Shark Attack Expert Explains Why Ronda Rousey Is So Good At Shark Diving
"She did amazingly."
Anyone who watched Ronda Rousey’s Shark Week debut “Ronda Rousey Uncaged” on Sunday may have been expecting the typical outbursts of aggression for which she is infamous. Instead, when Rousey descended 100 feet below the surface and went face-to-face with 30 to 40 bull sharks, she remarkably kept her cool — a feat that surprised many viewers and shark experts alike.
In the segment, Rousey went into battle with a host of the ocean’s most formidable animals on their own turf, without a protective cage. While floating on the surface, she went toe to toe with a mako shark, batting it away from floating bait with a stick. Below the water, she dove deep into the territory of bull sharks, which are known to charge its prey at “the drop of a hat,” says Paul de Gelder, the shark attack survivor and Navy diver who trained Rousey in the months leading up to her showdown. Both of these situations required intense dive training and some serious mental preparation. Rousey has drawn criticism for her lack of composure in the past, but de Gelder tells Inverse that Rousey was a surprisingly good student, mastering a the key mental element of shark diving: confidence.
“It’s an absolutely daunting experience that takes lots and lots of confidence, and that’s what Ronda had in spades,” de Gelder says.
As Discovery demonstrated in a 2008 test, sharks are more likely to approach rapid, pounding heart beats because they are the classic physiological signs of terrified, easy-to-catch prey. Being calm and confident, on the other hand, can keep autonomic responses like heart rate under control — reducing the odds that a shark might mistake you for something edible.
Rousey, whose time in the UFC was marked with controversy, isn’t a stranger to intense mental and physical training. However, the former bantam weight champion’s career is marked with some notable blows. In 2015, she lost the UFC title to Holly Holm, the underdog at the time, and in 2016 she lost again to challenger Amanda Nunes in the first 48 seconds of the match. Those two losses led USA Today to report that Rousey’s confidence was “shattered beyond repair,” and she has since retired from UFC fighting to pursue a career in professional wrestling. Needless to say, stakes were high for Rousey when she met de Gelder with the intention of regaining the confidence she had lost in the ring, 100 feet below the water’s surface, surrounded by hungry bull sharks.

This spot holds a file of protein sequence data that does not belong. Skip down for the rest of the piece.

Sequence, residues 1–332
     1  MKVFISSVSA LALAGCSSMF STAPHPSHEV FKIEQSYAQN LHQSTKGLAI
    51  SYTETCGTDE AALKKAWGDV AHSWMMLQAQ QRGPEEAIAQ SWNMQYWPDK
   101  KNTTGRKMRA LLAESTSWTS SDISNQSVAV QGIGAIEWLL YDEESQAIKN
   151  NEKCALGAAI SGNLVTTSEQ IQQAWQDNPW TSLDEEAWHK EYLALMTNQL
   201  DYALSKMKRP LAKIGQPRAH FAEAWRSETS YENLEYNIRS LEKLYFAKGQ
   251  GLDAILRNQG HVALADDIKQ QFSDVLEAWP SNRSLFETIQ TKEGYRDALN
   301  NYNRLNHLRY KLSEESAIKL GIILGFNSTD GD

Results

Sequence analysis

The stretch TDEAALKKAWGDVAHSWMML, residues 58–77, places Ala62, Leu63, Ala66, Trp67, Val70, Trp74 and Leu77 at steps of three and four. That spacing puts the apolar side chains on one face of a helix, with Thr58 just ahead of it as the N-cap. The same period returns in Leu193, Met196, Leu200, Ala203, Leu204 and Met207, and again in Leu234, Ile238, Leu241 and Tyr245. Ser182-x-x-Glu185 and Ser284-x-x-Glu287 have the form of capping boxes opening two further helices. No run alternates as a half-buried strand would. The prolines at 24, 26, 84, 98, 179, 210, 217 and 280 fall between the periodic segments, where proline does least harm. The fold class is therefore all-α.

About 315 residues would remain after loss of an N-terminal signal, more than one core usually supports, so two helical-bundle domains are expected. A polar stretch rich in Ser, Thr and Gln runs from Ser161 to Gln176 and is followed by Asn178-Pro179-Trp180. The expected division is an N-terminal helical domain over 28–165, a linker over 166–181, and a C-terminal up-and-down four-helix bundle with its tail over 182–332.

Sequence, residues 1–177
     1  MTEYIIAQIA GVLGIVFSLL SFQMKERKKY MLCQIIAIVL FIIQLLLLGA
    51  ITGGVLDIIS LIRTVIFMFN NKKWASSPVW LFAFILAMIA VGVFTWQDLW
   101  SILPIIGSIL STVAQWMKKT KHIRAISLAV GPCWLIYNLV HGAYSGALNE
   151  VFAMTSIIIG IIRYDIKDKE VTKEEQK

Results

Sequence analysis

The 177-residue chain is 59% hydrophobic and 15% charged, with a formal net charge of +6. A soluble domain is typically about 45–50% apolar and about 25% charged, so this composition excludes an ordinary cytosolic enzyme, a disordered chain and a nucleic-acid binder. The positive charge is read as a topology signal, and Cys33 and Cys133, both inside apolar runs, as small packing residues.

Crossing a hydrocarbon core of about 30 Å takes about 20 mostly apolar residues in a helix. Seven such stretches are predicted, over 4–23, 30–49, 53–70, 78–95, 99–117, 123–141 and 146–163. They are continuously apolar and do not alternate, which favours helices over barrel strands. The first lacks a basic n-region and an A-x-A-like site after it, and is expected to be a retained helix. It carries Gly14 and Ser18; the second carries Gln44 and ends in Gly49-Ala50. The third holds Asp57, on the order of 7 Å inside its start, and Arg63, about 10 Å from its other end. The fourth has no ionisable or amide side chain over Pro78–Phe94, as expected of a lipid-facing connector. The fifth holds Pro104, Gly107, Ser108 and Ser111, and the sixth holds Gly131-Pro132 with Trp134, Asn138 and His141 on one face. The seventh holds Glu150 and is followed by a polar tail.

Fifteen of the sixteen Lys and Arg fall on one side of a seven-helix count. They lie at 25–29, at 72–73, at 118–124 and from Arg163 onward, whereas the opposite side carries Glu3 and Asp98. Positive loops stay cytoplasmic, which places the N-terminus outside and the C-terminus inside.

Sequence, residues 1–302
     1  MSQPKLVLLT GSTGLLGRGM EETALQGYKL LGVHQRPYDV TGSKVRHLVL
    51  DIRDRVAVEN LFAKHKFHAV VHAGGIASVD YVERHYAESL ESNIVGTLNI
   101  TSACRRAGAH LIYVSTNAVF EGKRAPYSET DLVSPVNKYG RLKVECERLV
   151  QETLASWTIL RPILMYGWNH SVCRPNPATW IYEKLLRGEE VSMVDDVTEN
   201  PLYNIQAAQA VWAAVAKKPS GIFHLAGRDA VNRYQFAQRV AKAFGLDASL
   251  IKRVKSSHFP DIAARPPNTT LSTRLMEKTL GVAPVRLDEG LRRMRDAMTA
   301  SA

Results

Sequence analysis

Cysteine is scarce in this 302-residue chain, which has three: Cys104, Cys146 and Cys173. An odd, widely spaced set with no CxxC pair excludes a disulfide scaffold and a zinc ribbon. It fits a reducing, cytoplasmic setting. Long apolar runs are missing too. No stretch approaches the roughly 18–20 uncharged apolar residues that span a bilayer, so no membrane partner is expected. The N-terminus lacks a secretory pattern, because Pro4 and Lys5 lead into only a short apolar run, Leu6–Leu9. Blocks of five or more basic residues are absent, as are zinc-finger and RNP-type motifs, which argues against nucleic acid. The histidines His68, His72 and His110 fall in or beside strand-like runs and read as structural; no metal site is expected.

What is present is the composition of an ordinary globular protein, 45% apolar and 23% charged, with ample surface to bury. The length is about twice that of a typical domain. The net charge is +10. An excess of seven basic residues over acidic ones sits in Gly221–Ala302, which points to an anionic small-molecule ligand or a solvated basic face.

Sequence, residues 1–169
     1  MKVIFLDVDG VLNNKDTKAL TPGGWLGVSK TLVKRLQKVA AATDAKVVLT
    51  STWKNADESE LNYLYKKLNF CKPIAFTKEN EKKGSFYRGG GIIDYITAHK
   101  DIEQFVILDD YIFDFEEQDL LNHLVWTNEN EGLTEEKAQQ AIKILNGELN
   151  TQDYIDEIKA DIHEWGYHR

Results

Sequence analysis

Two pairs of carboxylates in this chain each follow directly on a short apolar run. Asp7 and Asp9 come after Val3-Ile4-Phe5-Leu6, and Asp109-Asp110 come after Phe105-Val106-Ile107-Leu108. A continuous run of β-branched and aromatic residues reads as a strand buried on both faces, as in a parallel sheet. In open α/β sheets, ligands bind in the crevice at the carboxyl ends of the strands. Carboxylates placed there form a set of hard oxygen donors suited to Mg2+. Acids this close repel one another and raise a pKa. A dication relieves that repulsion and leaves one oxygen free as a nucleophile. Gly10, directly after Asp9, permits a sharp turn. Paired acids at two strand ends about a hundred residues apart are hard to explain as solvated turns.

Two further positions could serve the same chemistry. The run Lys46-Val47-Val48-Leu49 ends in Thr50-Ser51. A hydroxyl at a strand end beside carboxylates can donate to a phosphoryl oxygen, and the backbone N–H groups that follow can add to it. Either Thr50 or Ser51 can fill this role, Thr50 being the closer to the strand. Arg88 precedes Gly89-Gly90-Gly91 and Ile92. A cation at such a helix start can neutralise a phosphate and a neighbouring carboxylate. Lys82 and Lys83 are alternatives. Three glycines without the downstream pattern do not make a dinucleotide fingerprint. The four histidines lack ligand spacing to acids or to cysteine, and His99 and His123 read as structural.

“Ronda had never dove until we asked her to be a part of this show,” de Gelder says. “So she was building from the ground up in a very intense short period of time for a hugely intense exercise.”
De Gelder used his own experience and expertise to design a plan to acclimatize Rousey not only to diving but to the presence of several sharks at once. “It’s very step by step, you have to be comfortable in the water, and we surrounded her with sharks just to make sure she wasn’t going to freak out.”
It was when she came face to face with the sharks that Rousey surprised even veteran shark experts. Despite having only completed eight dives, de Gelder noted that she displayed “confidence in spades.” At times she was even a little overconfident, he notes, and the team had to pull her back to keep the situation in check.
De Gelder had trained to swim, feed, and interact with bull sharks several years ago, after a bull shark attack left him without an arm and a leg. He notes that it’s no easy feat to enter bull shark territory, even for people who have been diving for years. “I basically crapped myself,” de Gelder says of his first time diving with bull sharks. “I let go of the fish head too early and I dropped it in the camera man’s lap and he freaked out. There’s fish absolutely everywhere, just trying to see through them is hard enough.”
And so, Rousey’s performance particularly impressed de Gelder, who has spent countless hours watching divers interact with sharks. And while she didn’t get to use all her UFC moves, she did get to use her UFC mindset to tackle some serious mental obstacles. “She did amazingly,” he says. “I couldn’t have been prouder of her.”